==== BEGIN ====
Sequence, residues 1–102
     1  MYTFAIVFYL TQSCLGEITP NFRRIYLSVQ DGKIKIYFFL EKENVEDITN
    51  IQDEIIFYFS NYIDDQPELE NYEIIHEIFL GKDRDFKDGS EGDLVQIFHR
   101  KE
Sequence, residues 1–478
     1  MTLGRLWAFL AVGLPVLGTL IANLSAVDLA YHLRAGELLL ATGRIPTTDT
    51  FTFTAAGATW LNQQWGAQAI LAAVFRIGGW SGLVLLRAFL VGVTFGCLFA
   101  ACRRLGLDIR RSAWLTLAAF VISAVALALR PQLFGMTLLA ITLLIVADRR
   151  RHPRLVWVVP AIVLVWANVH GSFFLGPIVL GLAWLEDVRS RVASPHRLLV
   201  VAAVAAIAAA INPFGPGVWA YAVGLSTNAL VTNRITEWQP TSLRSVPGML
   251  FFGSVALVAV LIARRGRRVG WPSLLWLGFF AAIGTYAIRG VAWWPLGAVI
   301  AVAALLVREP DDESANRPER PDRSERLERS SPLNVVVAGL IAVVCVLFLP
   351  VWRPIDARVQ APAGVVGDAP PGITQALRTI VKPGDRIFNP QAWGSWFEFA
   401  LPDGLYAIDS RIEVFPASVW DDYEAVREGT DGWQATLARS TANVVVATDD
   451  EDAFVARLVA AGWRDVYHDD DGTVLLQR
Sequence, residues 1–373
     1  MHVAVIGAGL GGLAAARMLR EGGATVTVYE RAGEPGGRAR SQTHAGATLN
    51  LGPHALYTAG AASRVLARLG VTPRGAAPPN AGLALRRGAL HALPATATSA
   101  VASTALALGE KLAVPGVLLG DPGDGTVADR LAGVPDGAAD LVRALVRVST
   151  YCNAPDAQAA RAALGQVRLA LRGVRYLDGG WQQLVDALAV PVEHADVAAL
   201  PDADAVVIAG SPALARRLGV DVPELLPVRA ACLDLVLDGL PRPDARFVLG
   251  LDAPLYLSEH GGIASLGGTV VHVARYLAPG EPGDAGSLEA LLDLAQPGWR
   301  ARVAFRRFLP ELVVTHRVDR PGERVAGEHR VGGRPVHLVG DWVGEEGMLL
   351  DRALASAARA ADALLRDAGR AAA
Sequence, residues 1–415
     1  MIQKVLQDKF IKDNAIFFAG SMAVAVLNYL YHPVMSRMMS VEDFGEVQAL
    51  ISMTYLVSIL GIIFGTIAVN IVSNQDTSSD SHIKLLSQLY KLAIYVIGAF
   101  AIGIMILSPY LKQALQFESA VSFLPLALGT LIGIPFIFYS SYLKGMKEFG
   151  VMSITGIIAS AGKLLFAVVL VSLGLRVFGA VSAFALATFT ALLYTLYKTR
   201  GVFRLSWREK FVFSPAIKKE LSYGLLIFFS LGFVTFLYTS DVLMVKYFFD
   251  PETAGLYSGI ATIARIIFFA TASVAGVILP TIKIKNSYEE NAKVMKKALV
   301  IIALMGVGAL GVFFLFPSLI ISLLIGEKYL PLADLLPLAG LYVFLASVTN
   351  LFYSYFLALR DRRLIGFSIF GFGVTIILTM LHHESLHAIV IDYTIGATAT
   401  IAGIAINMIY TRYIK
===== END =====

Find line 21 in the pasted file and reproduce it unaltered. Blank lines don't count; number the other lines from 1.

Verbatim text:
   201  PDADAVVIAG SPALARRLGV DVPELLPVRA ACLDLVLDGL PRPDARFVLG